As to Jacob's character, he was most assuredly a believer, and, what is more, a believer who valued God's promises. Esau, was not. (Scripture speaks of him as a "profane person.") Jacob valued the promises. Esau sold his birthright for a mess of pottage. But we do not find in Jacob this character of faith - confidence in God to bring about the promises. Therefore, whilst he values the promises, he uses fleshly means to obtain them; he reckons upon human policy, instead of reckoning upon God. There is blessing in the end; but God could not approve his conduct; and, in the dealing of God's government with him, with the measure with which he has meted, it is measured to him again; he is himself continually the object of similar deceit. He tells Laban, "In the day the drought consumed me, and the frost by night; and my sleep departed from mine eyes. Thus have I been twenty years in thy house; I served thee fourteen years for thy two daughters, and six years for thy cattle: and thou hast changed my wages ten times." (Gen. 31.) Cheated about his wife, wronged as to his wages, a wanderer from his father's house, and slave to Laban, through acting in a deceitful way, instead of leaving the accomplishment of the blessing to God: in all this we discern actual discipline because of evil.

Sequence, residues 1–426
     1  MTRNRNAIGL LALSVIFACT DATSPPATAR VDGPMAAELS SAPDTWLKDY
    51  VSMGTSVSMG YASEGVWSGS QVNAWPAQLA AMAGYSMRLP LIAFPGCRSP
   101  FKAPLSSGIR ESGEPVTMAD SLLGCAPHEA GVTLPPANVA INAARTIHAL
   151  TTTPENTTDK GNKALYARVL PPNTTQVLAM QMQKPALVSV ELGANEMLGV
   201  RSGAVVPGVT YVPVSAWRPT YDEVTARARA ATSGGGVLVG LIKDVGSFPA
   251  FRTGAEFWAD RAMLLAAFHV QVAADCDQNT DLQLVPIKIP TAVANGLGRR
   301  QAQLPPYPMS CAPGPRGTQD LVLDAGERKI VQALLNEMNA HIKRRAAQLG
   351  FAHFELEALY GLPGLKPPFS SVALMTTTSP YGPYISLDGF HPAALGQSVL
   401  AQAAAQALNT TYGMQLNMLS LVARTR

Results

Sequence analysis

When once fairly under the rod of discipline, God chastens him, makes him feel the rod, but supports him under it. And it is thus always with "the Father of spirits." He chastens, He disciplines; but the moment He has put the soul under discipline, it is, as with Ephraim, "since I spake against him, I do earnestly remember him still." When lying down at night, with the stones of the place for his pillow, Jacob dreams: "And behold a ladder set up on the earth, and the top of it reached to heaven: and behold the angels of God ascending and descending on it. And, behold, the Lord stood above it, and said, I am the Lord God of Abraham thy father, and the God of Isaac: the land whereon thou liest, to thee will I give it, and to thy seed; and thy seed shall be as the dust of the earth, and thou shalt spread abroad to the west, and to the east, and to the north, and to the south: and in thee and in thy seed shall all the families of the earth be blessed. And, behold, I am with thee, and will keep thee in all places whither thou goest, and will bring thee again into this land; for I will not leave thee, until I have done that which I have spoken to thee of." (Gen. 28)